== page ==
New "Exercise in a Petri Dish" Model Shows Protective Effect against Type 2 Diabetes-Related Insulin Resistance
For years, doctors have recommended exercise to help patients control their diabetes. But how exactly does exercise help? New research from the lab of John Kirwan, PhD, Department of Pathobiology, demonstrates for the first time that muscle contraction protects against insulin resistance at a cellular level.
Dr. Kirwan and others in the field have previously shown that exercise can protect against lipid-induced insulin resistance, a well-known risk factor for type 2 diabetes. Insulin resistant cells do not properly respond to insulin and therefore cannot easily absorb glucose into the cells for energy. As a result, the body needs to produce higher and higher levels of insulin. In lipid-induced insulin resistance, excessive fatty acids lead to poor insulin signaling and glucose uptake.
Exercise is a multi-faceted event that involves many systems, including the metabolic, cardiovascular and musculoskeletal systems. Rather than simulating all of these complex processes in cell culture, Dr. Kirwan and his team set out to determine whether muscle contraction alone would prove enough to alter insulin resistance.
The researchers simulated muscle contraction by exposing myotubes, or skeletal muscle fiber cells, to electrical pulse stimulation (EPS) and then measured how well the cells absorbed glucose when stimulated with insulin. The cells that received EPS absorbed over 80% more glucose than the non-stimulated cells. Even cells exposed to EPS and then challenged with a saturated lipid solution, which typically inhibits glucose uptake, absorbed 68% more glucose than control cells.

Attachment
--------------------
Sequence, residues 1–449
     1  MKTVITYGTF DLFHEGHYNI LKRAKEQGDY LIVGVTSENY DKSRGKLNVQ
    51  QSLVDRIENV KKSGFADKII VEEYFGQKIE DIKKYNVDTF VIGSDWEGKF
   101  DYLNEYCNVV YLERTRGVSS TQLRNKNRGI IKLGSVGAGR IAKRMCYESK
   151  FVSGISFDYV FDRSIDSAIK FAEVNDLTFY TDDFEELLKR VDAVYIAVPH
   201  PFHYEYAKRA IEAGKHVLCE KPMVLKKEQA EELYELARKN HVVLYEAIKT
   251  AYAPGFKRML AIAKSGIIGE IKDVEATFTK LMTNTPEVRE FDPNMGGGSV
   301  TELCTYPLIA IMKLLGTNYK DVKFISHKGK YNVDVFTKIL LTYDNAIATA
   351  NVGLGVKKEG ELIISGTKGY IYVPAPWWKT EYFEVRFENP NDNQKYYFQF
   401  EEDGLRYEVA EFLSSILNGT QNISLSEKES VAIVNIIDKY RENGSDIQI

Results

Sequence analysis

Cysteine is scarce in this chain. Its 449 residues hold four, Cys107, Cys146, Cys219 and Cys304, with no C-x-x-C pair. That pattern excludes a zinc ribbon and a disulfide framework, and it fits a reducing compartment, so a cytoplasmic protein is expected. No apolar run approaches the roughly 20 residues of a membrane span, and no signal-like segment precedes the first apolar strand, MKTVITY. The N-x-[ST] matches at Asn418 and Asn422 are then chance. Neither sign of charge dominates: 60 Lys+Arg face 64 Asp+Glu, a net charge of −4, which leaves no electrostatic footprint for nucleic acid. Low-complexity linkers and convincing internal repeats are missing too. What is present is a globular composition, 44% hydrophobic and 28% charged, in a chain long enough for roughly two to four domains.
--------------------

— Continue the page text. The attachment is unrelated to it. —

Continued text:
These findings—which validate Dr. Kirwan's and others' earlier ex vivo and in vitro findings about exercise, glucose uptake and insulin signaling—suggest this in vivo model may allow for higher throughput and help researchers uncover the cellular mechanisms of exercise and lipid metabolism. Additionally, with the knowledge that muscle contraction alone delivers these benefits, this work offers hope that physicians may one day be able to prescribe more targeted treatment and prevention therapies for type 2 diabetes.
This paper was published in the American Journal of Physiology—Cell Physiology.